The Behance team will remain intact (in NYC!). We will focus on building a better Behance and helping the creative world collaborate and connect throughout the creative process, from start to finish.

Our team still feels like we’re in the early innings of our journey to empower the creative world. The platform is growing like never before, and the most exciting parts of our roadmap still await. We’re thrilled with the prospect of quickly reaching many millions of creative minds around the world – and better integrating the tools we use for creation with how we showcase and discover creative work.

As we considered the prospect of joining Adobe, a few things struck us most:

  • Connecting the creative community is the best way to empower the creative community. The creative industry has always been plagued with inefficiency and disorganization. But when we come together, we can use connectivity and transparency to our advantage. The prospect of using Adobe’s reach to connect the entire creative community is a once-in-a-lifetime chance to empower the creative world.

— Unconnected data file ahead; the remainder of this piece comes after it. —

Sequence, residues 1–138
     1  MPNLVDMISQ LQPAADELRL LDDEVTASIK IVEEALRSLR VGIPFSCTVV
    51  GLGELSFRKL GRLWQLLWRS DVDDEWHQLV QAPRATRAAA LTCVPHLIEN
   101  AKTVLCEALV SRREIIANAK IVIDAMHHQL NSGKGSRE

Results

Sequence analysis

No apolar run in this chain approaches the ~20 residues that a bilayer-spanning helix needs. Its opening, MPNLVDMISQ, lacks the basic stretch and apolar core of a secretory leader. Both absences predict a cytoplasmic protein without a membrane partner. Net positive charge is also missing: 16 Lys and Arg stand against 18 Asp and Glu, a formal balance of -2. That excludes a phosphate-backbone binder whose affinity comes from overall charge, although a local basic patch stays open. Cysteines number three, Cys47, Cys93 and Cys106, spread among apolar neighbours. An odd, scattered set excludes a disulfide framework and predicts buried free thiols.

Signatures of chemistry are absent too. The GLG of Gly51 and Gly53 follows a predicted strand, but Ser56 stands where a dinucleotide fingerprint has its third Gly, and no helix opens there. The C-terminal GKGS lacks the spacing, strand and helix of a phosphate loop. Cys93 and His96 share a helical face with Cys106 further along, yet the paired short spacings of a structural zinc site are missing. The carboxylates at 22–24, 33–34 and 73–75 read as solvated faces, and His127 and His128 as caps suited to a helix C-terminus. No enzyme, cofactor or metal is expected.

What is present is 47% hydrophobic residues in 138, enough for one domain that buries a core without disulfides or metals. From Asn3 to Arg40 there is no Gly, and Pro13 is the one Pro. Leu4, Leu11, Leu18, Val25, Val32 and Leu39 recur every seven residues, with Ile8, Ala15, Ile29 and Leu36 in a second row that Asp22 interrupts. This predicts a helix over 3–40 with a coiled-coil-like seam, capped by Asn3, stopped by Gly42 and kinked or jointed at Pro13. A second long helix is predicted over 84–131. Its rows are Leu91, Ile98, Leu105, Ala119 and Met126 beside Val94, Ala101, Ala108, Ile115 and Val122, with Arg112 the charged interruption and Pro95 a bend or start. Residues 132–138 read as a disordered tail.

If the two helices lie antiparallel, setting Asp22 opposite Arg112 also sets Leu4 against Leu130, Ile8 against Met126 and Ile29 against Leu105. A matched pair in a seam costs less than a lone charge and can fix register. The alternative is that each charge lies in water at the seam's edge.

• It’s about time our tools integrated with the way we discover, inspire and collaborate.  For too long, the creative world has struggled with a disconnected creative process. Creation should be inherently collaborative – and must evolve more frequently than typical software upgrade cycles. If the tools we use to create are connected with how we showcase and discover creative work, we can help usher in a new era of idea exchange and collaborative creation.
  • Online applications should foster the discovery of talent and “creative meritocracy.” Those of you who know us well know that Behance is obsessed with fostering proper attribution in creative work. With more transparency around who created what – and with whom – your work will increasingly become a source of new opportunity. We call it “creative meritocracy,” and it happens when the creative world’s work is organized, properly credited, and more easily discovered. As you put your work into the world, we want to make sure you get the credit (and opportunity) you deserve.

We’re joining forces with Adobe because the above points resonate with them just as much as they do with us.